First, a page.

E z e k i e l 1 - 1 2
ADevotional COMMENTARY BY Nate Wilson
1:1-3 This first vision is set during the exhile in Babylon. What a commissioning service for Ezekiel! God overwhelmed him with a vision of the four great angels that surround His throne, the glory of heaven's throne, and then God Himself speaking. This is something Ezekiel would remember for the rest of his life! The description matches John's description of heaven remarkably. It was the 5th year since king Jehoiachin had been taken captive to Babylon, placing this prophecy at about 592B.C., so what is this the 30th year of? The Babylonian and Median empires both got started about 30 years before then; the Book of the Law was also rediscovered by the Jews about that time. Maybe it even refers to the Jubilee cycle. At any rate, Ezekiel clearly marks out the very day in history and the very location that God spoke to him.
1: 4-14 In this first vision, he sees a great cloud that was bright rather than dark like a storm cloud and had lightening continually flashing all in it. And in the cloud were four "living creatures" which may have resembled the Pegasus or Centaur of Greek mythology. (Maybe Ezekiel's vision is where the Greeks got the idea?) These creatures had hooves like a calf, the head of either a man, lion, ox, or eagle, two wings stretched up and two wings stretched out covering their bodies, and they sparkled and glowed and shone. They were also in constant rapid motion, directed by the Spirit of God, going wherever the Spirit dictated, turning neither to the right nor to the left.
These angels may have been the cherubim, which John the Revelator also describes around God's heavenly throne in Rev. 4:5-7-- the brightness and lightening are also part of John's vision, although his four creatures had 3 sets of wings rather than Ezekiel's two sets.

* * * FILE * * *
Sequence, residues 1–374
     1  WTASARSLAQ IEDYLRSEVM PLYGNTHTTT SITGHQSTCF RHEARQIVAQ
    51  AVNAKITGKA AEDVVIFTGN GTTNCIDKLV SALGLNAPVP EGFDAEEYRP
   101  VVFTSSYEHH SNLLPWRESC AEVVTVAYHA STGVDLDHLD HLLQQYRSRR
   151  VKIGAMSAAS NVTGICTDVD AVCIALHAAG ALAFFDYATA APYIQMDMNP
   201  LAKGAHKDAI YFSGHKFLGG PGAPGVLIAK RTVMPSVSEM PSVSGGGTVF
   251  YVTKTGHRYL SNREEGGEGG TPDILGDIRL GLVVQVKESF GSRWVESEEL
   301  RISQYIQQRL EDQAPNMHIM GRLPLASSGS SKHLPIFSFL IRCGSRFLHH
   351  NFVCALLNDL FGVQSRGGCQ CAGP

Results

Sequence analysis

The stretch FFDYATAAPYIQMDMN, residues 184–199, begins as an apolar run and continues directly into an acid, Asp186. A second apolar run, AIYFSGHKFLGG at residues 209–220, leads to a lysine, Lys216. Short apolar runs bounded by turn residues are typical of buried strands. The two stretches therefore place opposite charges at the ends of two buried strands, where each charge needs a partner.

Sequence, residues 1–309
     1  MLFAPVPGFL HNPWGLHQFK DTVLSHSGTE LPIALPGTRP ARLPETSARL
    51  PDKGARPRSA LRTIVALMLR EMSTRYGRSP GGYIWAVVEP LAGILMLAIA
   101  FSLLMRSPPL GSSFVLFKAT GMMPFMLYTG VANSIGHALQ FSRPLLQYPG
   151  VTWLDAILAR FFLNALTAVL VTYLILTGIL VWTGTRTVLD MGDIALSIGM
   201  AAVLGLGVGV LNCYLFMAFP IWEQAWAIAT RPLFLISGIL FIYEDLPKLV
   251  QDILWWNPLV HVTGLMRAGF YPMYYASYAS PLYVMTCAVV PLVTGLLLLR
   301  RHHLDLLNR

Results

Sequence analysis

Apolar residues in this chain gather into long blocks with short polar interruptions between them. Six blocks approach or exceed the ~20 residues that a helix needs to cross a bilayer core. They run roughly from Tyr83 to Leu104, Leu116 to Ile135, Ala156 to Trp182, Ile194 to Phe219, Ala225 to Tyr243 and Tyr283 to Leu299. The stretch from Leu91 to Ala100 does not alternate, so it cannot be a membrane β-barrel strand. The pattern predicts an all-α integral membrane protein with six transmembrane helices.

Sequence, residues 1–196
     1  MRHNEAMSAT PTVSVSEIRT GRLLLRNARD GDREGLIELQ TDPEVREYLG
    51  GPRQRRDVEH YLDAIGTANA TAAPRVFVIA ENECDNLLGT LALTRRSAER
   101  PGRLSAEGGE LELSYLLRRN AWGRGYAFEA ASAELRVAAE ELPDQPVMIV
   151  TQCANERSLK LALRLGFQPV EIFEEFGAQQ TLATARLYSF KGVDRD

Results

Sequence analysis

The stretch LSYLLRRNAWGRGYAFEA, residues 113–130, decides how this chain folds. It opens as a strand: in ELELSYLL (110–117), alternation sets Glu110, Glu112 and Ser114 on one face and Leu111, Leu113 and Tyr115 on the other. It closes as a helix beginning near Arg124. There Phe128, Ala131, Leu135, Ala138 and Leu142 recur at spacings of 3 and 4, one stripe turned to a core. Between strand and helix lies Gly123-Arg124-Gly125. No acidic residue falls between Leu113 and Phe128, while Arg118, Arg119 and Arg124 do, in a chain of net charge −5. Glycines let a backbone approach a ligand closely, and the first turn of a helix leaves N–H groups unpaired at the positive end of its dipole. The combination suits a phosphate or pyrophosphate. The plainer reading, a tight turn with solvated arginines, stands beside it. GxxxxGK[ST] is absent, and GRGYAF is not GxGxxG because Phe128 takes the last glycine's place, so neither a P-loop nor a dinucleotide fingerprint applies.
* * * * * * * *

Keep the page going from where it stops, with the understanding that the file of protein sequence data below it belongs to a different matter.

During a time in Jewish history when everything was going wrong and people must have wondered if God were really Who He said He was, here God gives Ezekiel tremendous reassurance. This is a tremendous display of raw power and energy. God is tremendously powerful and full of energy to do whatever He wants. See the great living creatures He has to carry out His will? They are strong as an ox, lethal as a lion, perceptive as an eagle, and intelligent as a man. They are perfectly attuned to God's Spirit and constantly do exactly as God directs them. They are not lethargic; God is in constant divine intervention with the affairs of His creation, and is quickly carrying out His will. The Exhile was not the result of God's lack of power, lack of glory, or lack of good angels to carry out His will!
God, this is encouraging for me, too, because when You don't seem to be working in power and You don't seem to be bringing to fulfillment the desires I have, it's easy to question You. Thank You for this reminder that You are powerful and glorious as ever, You are constantly sending fast, powerful, intelligent, sharp, perfectly obedient angels to carry out Your plans around the earth. The problem is not with You; it's with me. Please forgive me for doubting You and getting frustrated with You. Please forgive me for my lack of sensitivity and obedience to You. Please let Your kingdom come and Your will be done on earth as it is in heaven!